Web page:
This chapter briefly reviewed some notable changing points in the history of networked computers. It laid the groundwork for Web Services through brief discussions on the Internet, Moore's Law, and the ability of technology to overcome the seeming chaos that the disruptive technologies cause. Integrated value chains, with FedEx and other shipping companies leading the charge, and disparate architectures within companies are two of the first problems for which Web Services play a critical role.
Next , the chapter discussed patterns and their contribution to the software industry. Following this brief discussion, you saw a preview of the patterns that this book introduces to the Web Service paradigm. Three of the patterns ”the Observer, Publish/Subscribe, and Data Transfer patterns ”exist in common books but are introduced in this text to illustrate their usefulness in the Web Service environment. The other 12 patterns have their roots in various business problem solutions. In all of the cases, the patterns apply to other environments than Web Services, though they are mechanisms that will aid in your own Web Service applications.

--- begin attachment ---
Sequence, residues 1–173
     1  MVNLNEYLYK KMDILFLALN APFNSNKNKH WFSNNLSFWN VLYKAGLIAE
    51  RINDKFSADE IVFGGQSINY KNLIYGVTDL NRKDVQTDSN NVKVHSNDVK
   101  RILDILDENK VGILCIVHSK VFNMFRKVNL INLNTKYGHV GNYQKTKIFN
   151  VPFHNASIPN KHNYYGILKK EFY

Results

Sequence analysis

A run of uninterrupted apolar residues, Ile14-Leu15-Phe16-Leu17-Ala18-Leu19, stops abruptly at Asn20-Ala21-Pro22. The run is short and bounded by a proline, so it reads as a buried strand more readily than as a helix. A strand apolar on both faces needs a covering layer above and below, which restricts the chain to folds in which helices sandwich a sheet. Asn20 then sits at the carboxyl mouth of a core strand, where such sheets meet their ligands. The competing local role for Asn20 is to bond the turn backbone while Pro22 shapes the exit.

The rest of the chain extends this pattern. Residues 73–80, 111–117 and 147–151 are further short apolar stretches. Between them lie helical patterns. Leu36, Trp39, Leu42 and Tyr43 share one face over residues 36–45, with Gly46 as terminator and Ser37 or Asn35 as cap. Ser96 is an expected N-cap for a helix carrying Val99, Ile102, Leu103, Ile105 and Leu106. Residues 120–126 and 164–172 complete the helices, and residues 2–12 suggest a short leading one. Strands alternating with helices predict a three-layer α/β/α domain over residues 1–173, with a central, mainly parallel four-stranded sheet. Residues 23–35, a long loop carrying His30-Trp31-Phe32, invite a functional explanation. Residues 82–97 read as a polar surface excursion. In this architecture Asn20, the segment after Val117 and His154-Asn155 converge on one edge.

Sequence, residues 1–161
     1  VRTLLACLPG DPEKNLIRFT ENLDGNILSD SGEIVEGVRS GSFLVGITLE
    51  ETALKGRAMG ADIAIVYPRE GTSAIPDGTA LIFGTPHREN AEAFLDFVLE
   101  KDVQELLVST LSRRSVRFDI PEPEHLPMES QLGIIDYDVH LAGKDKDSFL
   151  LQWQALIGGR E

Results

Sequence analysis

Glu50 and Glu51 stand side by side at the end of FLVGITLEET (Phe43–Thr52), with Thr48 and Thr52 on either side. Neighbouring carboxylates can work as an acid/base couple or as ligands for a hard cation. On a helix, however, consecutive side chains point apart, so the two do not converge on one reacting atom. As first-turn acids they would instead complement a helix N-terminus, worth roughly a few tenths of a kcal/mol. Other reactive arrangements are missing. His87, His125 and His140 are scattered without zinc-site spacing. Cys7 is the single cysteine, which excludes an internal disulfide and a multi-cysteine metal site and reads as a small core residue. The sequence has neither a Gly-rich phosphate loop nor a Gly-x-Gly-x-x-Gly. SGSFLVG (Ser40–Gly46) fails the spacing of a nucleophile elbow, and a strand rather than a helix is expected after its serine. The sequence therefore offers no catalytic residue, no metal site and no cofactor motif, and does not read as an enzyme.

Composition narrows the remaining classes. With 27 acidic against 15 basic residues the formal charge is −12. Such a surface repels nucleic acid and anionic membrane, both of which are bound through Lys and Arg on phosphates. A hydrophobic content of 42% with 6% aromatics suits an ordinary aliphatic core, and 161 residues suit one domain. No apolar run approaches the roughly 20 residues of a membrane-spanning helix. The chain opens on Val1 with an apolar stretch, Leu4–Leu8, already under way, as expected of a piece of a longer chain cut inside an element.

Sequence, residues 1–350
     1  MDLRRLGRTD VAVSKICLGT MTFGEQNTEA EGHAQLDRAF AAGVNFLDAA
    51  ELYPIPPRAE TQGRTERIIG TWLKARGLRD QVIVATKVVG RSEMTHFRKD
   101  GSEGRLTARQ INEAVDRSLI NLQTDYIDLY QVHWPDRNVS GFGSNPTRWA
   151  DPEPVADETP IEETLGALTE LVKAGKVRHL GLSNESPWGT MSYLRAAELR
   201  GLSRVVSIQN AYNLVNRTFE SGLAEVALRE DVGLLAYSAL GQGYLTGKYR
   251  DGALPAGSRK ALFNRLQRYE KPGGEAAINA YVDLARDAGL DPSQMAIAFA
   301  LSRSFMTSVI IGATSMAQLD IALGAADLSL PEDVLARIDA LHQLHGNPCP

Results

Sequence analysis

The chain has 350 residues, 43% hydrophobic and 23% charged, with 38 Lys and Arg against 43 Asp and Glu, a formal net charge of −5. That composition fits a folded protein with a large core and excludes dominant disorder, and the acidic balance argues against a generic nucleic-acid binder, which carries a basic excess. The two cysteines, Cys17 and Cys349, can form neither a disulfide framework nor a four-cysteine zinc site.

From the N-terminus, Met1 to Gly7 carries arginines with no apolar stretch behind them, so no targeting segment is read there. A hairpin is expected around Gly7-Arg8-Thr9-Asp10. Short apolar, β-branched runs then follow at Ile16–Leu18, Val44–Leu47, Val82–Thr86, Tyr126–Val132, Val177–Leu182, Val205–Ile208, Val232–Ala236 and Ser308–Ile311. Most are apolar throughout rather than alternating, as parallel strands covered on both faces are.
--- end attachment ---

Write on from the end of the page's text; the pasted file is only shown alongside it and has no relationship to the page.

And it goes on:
The next chapter discusses the architecture and design for a company's application that leverages Web Services. The case study is not a complete architecture and design, but rather, it is enough detail so that the application can provide context for all of the patterns documented in this book.